By Kanupriya Kapoor
SINGAPORE (Reuters) – United Nations negotiators on Monday released a series of proposals to protect nature, including a plan to put at least a third of the planet under conservation protection in the next decade, but environmentalists said that the sketches weren’t ambitious enough.
The 21 proposals include targets to reduce pesticide use, reduce plastic waste, and direct $200 billion a year to protect nature in developing countries. They will be voted on by the 196 countries of the UN Convention on Biological Diversity when it meets in October.
With an estimated one million species at risk of extinction at the moment, countries are being urged to conserve 30% of their land and maritime territories by 2030.
Currently, about 17% of the land and 7% of the seas are under some form of protection. Elsewhere, there are few limits to overfishing, residential complexes, mining or industrial pollution, which diminish natural habitats around the world.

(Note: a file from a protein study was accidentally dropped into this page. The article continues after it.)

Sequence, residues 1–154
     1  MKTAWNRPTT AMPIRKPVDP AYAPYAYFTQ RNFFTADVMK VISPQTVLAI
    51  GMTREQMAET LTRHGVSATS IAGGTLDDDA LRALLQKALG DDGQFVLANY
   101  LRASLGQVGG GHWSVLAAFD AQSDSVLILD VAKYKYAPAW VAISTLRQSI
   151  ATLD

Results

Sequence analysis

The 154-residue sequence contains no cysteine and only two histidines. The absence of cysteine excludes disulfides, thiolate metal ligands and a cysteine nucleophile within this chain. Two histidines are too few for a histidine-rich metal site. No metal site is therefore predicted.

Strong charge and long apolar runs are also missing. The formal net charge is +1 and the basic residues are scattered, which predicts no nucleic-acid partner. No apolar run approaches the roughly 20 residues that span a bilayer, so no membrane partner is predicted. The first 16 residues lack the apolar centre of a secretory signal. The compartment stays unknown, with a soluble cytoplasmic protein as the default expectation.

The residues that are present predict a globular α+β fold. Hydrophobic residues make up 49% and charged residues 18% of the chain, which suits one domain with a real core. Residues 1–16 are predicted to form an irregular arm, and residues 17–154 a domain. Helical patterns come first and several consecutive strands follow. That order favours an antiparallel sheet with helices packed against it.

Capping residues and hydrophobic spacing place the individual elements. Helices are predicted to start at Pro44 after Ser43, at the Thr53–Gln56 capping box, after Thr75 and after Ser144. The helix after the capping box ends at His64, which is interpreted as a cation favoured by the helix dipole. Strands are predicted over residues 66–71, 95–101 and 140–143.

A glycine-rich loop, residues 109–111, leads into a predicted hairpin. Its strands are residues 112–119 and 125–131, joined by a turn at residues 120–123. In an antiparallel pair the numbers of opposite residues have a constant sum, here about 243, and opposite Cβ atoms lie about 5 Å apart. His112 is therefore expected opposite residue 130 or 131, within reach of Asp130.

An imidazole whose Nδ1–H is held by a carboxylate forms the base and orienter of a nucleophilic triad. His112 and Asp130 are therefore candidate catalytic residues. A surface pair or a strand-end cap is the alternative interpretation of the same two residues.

And challenges related to climate change, including extreme weather events, ocean acidification and drought, create new pressures for many species.
As drafted, the proposals can be difficult to implement, environmentalists said. There are so many individual goals that this could encourage countries to select those that are convenient and ignore the rest, they warned.
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